Plainsboro Lowers a Speed Limit

Plainsboro’s township committee voted last month to lower the speed limit on Edgemere Avenue, in a residential area in the center of town and next to a school, from 35 mph to 25 mph. The change will take effect later this summer.

Getting a speed limit reduced is no easy feat, but it has become easier because of a change in the law in 2008. As the Princeton Packet noted, township engineers now can change speed limits without DOT approval. They just need approval from their engineering department and governing bodies. This should encourage all of us who want speed limits reduced on other roads.

Edgemere Avenue is getting roadway improvements, including repaving, and new speed limit signs will be installed followed by the police conducting an educational enforcement campaign.

Tags: , ,

2 Responses to “Plainsboro Lowers a Speed Limit”

  1. Brian says:

    It’s also entirely amusing that they think that repaving the road to be smoother and slapping a side street speed limit down will slow traffic down. Yeah, right. The only reason most traffic wasn’t going over 40 is because the road is bumpy. Now people will speed up even further. What will most likely happen is a year or two of attempted enforcement (there arent many places to hide on Edgemere Ave) and then they’ll just give up. It happened with Plainsboro Rd. in Cranbury where it turns to 25 mph…I used to see cops there all the time but not any more and people still go 40 through there. What would make the road safer would be to repave it but add gentle speed bumps that can be passed over safely at 30 mph, thereby making it uncomfortable for drivers to exceed the speed limit. I never really sped on this road, and its unfortunate that they’re punishing us who actually obeyed the limit by dropping it to an unreasonable level. Actually, this is now the first truly unreasonable speed limit in all of Plainsboro, I can’t think of a single other one with perhaps the exception of the 40 mph zone where Scudders Mill Rd. ramps onto Rt. 1 (and that one is not enforced at all). The local engineers don’t understand that posting a lower limit doesn’t lower the speed of traffic, and neither does enforcing it.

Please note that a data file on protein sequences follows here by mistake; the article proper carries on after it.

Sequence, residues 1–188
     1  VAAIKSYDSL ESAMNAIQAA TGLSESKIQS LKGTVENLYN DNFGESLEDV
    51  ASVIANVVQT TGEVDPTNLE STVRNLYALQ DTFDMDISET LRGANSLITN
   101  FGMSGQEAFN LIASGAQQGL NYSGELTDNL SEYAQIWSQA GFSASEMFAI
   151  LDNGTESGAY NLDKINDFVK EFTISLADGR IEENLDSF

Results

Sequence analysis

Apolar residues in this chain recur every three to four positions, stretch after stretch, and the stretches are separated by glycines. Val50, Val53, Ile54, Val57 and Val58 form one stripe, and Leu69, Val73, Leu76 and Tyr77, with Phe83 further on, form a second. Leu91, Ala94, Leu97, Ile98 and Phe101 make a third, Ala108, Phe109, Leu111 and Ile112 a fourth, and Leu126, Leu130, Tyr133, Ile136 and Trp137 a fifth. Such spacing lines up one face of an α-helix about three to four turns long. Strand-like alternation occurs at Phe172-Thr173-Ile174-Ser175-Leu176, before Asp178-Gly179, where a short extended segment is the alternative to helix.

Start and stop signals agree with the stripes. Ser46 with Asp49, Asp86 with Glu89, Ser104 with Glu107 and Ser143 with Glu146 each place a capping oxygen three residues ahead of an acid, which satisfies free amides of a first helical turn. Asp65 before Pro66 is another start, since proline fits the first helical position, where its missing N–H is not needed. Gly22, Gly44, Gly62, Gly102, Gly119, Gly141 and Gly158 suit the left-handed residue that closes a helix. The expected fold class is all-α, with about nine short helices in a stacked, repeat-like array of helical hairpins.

2. Brian says:

    Dumb idea in my opinion, most people went at least reasonably close to it. This is the ‘intuitive’ solution to getting people to slow down, but as stated in another entry it doesn’t work. Posting a fair limit and enforcing it is more effective. It’s still a semi-major road and it shouldn’t have the same 25 mph limit as a side street. The worst part isn’t stuff like this, it’s when towns are able to lower rural limits to 30 or 35 and put up a major speed trap. As a result of this 2008 law, some roads are arbitrarily reduced because of resident complaints, while other ones are kept where they are because no one complained. The result is a system where limits are almost totally random and not according to any kind of logical standard; i.e. side streets 25, residential thruways 35, major thruways 45, etc.



Tag Cloud

bicycle bicycle commuting bicycle safety Bicycle Tourism bicycling Bike/Ped Path Bike Commuting bike lanes bike path bike racks bike ride bike safety biking Community Bike Ride Complete Streets crosswalk D&R Canal Downtown Princeton Junction East Coast Greenway Historic Bike Trail League of American Bicyclists Learn to BIke Livable Communities Main Street Mercer County mercer county bike commuting Mercer County Park multi-use trails National Bike Month pedestrian pedestrian safety Plainsboro Princeton Princeton Junction train station Ride of Silence Route 571 Safe Routes to School safety sidewalks Smart Transportation speed limits traffic Trolley Line Trail walking West Windsor